Trey Ellis

  • Trey Ellis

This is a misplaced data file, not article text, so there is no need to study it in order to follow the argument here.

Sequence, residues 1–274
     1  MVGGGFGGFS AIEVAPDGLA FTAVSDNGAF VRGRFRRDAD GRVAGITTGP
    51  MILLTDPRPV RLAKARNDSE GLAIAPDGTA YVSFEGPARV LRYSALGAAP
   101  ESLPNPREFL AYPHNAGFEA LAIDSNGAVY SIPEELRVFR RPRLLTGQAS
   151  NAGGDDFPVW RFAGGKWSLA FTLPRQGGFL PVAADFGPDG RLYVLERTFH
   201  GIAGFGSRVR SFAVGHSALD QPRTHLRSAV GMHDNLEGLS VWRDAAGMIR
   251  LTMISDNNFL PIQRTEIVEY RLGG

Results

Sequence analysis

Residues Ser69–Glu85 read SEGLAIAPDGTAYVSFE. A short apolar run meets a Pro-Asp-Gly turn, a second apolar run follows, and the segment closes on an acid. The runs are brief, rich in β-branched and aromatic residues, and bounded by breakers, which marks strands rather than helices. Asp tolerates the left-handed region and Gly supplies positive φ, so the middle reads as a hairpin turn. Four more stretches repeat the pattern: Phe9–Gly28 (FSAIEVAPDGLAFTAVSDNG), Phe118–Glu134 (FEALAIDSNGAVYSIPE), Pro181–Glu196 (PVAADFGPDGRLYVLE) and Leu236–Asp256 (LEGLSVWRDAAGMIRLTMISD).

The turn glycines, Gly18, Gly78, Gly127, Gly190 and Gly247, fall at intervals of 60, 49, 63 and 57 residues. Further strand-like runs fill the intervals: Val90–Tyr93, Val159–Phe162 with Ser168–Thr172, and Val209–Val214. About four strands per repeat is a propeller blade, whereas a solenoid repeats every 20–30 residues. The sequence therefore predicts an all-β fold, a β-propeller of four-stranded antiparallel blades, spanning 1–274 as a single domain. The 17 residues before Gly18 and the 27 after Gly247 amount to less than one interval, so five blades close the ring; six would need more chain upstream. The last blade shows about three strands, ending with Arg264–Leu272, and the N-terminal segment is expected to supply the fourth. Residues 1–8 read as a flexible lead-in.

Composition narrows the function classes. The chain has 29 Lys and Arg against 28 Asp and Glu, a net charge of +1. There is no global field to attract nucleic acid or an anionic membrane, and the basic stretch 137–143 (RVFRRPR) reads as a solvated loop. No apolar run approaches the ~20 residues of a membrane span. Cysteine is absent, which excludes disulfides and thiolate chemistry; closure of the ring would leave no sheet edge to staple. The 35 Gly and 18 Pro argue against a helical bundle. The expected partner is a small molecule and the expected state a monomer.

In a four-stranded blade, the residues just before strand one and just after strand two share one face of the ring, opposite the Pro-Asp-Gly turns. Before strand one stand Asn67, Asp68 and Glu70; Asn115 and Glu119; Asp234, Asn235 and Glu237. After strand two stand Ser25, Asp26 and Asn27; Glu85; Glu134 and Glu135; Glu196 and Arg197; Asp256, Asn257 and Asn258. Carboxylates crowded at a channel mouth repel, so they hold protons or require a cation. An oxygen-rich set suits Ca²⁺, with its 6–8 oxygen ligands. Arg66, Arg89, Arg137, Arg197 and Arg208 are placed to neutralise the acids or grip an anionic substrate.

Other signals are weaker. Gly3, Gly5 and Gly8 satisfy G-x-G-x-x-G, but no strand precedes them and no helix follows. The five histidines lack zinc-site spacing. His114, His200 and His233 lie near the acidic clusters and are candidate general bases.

To those who don’t do it, much of the appeal of surfing—like being a cowboy or an astronaut—is in being seen as a surfer. But then there’s William Finnegan, who was an early witness to the surf revolution, from Old Man’s at San Onofre, California, to the never-ending wave machine off Waikiki, Hawaii, all before he’d left middle school. In his extraordinary and now Pulitzer Prize–winning memoir, Barbarian Days: A Surfing Life (Penguin, 2015), Finnegan relates in sharp, complicated, moment-to-moment fullness a half-century of wave riding and thinking about wave riding all around